Brown, Robert (1773-1858), a Scottish botanist, is best known for describing the agitation of microscopic particles suspended in a liquid or gas, a movement that is now called Brownian motion.

Robert Brown, the son of an Episcopalian minister, completed his medical studies at the University of Edinburgh and then worked as an assistant surgeon in a Scottish infantry regiment. In the late 1790's, he met well-known botanist Joseph Banks and began to pursue his interest in botany. After resigning his surgical post, Brown served from 1801 to 1805 as the naturalist on an expedition to survey the coast of Australia, which had been recently discovered by Europeans. From 1810 until Banks's death in 1820, Brown served as his librarian. In 1827, Banks's books and collections were transferred to the British Museum, where Brown became curator of the botanical department.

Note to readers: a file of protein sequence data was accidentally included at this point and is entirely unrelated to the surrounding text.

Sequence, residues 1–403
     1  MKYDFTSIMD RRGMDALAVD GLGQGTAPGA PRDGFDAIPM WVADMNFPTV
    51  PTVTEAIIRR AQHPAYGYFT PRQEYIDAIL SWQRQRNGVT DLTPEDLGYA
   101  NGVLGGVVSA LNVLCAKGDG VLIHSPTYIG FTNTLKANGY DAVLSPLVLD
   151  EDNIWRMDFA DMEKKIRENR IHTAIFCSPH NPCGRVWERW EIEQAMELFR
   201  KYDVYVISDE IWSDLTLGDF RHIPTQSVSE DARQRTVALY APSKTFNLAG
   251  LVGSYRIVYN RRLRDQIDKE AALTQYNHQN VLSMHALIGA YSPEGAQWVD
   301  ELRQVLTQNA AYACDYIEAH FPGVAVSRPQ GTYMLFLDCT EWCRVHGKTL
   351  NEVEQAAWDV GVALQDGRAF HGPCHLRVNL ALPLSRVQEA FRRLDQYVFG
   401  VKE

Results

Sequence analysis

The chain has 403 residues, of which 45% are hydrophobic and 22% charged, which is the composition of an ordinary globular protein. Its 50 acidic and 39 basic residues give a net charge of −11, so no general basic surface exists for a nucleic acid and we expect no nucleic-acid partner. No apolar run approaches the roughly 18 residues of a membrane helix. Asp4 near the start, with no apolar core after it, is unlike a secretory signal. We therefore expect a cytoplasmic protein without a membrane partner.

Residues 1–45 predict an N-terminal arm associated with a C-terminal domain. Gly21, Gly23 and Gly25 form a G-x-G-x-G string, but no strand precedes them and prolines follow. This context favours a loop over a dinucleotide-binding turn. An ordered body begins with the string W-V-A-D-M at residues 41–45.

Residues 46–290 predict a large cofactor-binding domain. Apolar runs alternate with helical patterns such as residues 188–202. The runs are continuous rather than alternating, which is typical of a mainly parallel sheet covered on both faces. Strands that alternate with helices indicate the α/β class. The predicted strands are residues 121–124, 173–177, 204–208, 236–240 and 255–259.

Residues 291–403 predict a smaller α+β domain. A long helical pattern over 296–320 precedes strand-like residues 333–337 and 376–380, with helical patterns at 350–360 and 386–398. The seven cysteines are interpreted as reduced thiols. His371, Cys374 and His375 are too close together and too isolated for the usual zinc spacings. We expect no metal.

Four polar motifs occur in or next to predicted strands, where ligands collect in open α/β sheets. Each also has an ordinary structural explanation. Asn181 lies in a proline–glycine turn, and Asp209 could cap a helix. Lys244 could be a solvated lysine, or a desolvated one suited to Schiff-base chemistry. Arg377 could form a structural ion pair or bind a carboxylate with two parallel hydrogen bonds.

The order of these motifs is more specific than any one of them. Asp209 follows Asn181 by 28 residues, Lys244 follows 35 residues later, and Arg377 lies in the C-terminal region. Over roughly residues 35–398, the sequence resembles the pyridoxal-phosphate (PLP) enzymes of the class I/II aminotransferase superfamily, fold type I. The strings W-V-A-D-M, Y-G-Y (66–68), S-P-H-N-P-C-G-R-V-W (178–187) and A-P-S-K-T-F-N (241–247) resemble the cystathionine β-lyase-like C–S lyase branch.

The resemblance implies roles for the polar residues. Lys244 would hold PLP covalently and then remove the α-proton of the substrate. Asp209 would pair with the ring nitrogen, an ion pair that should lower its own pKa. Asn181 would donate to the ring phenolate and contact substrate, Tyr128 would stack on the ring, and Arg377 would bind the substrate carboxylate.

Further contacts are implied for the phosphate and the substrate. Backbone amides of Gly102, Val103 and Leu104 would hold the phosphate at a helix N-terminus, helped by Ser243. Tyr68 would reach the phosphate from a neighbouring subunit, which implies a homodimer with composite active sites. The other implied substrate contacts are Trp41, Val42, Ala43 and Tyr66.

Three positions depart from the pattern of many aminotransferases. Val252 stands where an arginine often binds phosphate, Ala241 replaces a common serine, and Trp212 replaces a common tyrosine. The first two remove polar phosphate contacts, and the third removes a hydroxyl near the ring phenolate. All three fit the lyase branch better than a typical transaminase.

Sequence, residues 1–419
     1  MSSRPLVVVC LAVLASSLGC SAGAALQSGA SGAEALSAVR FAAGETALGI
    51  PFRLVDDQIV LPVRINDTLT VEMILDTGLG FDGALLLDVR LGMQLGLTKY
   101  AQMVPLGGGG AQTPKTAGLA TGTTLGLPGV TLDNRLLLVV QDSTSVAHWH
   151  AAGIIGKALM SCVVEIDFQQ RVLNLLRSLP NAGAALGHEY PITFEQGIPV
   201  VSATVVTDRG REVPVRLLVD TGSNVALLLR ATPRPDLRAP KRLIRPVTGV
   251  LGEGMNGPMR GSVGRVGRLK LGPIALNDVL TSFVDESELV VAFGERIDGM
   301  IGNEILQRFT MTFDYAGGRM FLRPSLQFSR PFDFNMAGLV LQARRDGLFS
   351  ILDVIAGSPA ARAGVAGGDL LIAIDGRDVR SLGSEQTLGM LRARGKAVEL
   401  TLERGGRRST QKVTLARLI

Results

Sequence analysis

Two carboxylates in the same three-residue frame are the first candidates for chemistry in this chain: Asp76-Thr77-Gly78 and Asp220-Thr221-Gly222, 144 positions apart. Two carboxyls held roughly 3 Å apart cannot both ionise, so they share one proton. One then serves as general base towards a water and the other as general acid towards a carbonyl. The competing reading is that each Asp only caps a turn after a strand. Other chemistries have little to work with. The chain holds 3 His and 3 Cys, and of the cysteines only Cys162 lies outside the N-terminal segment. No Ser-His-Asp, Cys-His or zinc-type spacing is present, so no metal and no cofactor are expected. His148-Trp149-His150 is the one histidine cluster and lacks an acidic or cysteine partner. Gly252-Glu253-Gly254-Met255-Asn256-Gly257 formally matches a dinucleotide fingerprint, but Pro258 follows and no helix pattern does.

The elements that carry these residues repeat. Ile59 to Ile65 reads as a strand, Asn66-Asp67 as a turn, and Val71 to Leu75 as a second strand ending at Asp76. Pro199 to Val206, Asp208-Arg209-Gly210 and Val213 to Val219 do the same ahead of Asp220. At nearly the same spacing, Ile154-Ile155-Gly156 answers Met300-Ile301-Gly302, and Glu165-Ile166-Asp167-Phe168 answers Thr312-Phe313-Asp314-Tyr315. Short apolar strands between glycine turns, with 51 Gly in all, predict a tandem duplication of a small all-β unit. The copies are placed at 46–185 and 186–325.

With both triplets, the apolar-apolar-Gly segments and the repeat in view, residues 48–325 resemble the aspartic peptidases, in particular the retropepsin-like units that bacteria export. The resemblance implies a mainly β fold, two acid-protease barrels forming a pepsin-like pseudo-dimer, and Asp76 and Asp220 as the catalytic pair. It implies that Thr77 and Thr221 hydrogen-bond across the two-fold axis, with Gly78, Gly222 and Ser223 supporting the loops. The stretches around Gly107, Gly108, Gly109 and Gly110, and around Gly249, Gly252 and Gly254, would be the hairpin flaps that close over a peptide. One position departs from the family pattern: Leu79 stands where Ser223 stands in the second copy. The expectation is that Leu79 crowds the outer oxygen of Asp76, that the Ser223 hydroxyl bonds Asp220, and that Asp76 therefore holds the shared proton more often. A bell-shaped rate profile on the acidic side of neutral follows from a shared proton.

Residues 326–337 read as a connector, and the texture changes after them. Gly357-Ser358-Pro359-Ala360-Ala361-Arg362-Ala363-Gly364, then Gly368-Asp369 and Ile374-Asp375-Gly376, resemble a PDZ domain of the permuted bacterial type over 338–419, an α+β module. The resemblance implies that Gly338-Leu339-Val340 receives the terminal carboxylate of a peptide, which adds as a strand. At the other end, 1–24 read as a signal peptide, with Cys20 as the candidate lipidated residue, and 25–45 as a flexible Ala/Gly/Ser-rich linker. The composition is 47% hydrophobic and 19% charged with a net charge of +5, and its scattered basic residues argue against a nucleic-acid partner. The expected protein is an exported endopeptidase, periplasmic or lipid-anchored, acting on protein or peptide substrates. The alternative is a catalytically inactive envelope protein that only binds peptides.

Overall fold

Brown had noted and studied the agitated motion of very fine pollen grains suspended in water. In 1828, his observations of this motion were published. Brown also established that tiny particles of inorganic materials such as carbon and metals display Brownian motion. Brownian motion proved important to the development of the atomic theory of matter, which states that matter is composed of small particles in random motion.

Among his other contributions, Brown gave the name nucleus to the specialized body that regulates the functions of a living cell and was the first to identify it as a feature of most living cells. In addition to naming the world's largest flower—the giant rafflesia of Sumatra, which can grow more than 3 feet (91 centimeters) wide— Brown also began the study of plant fossils, using a microscope.